There are two kinds of age: chronological age, which is the number of years one has lived, and biological age, which is influenced by our genes, lifestyle, behaviour, the environment and other factors. Biological age is the superior measure of true age and is the most biologically relevant feature, as it closely correlates with mortality and health status. The search for reliable predictors of biological age has been ongoing for several decades, and until recently, largely without success.
Since 2016 the use of deep learning techniques to find predictors of chronological and biological age has been gaining popularity in the aging research community. Advances in artificial intelligence, combined with the availability of large datasets, have led to a boom in the field, increasing the variety of biomarkers that could be considered candidates as potential age predictors. One promising development that considers multiple combinations of these different predictors could shed light on the aging process and provide further understanding of what contributes to healthy aging.
In the paper titled “Deep Aging Clocks: The Emergence of AI-Based Biomarkers of Aging and Longevity” in Cell Trends in Pharmacological Sciences, Polina Mamoshina, Senior Scientist at Insilico Medicine, and Alex Zhavoronkov, the Founder of Insilico Medicine, summarise current findings on the main types of deep aging clocks and their broad range of applications in pharmaceutical industry.
“Humans are very good at guessing each other’s age using images, videos, voice, and even smell. Deep neural networks can do it better and we can now interpret what factors are most important. Very often when someone looks older than their chronological age, they are sick. A trained doctor can guess the health status of a patient just by looking at him or her. At Insilico we developed a broad range of deep biomarkers of aging that can be used by the pharmaceutical and insurance companies, as well as by the longevity biotechnology community. In this paper we describe the recent progress in this emerging field and outline a range of non-obvious applications,” said Alex Zhavoronkov, Ph.D, Founder and CEO of Insilico Medicine.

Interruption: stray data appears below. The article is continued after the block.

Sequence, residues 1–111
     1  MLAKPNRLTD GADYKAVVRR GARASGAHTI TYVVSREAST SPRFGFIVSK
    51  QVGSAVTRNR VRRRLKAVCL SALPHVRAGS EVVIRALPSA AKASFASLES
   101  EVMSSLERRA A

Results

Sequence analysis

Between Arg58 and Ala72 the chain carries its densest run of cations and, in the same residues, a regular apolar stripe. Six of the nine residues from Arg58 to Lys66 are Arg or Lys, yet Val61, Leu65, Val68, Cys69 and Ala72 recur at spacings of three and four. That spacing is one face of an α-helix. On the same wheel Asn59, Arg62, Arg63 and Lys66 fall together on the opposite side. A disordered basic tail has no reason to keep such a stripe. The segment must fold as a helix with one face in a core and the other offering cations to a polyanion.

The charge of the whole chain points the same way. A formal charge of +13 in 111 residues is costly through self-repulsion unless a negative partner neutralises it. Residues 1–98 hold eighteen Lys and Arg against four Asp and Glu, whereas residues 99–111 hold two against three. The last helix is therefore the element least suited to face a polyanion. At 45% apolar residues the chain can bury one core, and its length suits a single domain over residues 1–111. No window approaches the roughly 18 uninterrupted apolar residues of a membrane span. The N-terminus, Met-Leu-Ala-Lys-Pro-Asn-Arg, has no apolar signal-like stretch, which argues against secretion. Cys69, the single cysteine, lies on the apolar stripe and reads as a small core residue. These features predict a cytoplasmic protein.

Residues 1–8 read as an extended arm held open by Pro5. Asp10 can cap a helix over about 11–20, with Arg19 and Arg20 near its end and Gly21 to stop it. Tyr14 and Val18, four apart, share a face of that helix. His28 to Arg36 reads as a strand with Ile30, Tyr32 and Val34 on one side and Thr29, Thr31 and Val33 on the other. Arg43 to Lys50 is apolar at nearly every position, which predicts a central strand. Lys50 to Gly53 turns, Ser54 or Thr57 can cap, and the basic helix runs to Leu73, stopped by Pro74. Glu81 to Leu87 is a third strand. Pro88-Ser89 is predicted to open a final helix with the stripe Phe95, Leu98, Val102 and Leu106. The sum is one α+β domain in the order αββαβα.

Deep biological aging clocks can be used for data quality control, biological target identification and even the evaluation of the biological relevance and value of various data types and combinations. The recent perspective on the value of human data recently appeared in Cell Trends in Molecular Medicine.
“Deep biomarkers of aging developed utilizing a variety of data types of aging are rapidly advancing the longevity biotechnology industry. Using biomarkers of aging to improve human health, prevent age-associated diseases and extend healthy life span is now facilitated by the fast-growing capacity of data acquisition, and recent advances in AI. They hold a great potential for changing not only aging research, but healthcare in general,” said Polina Mamoshina, Senior Scientist at Insilico Medicine.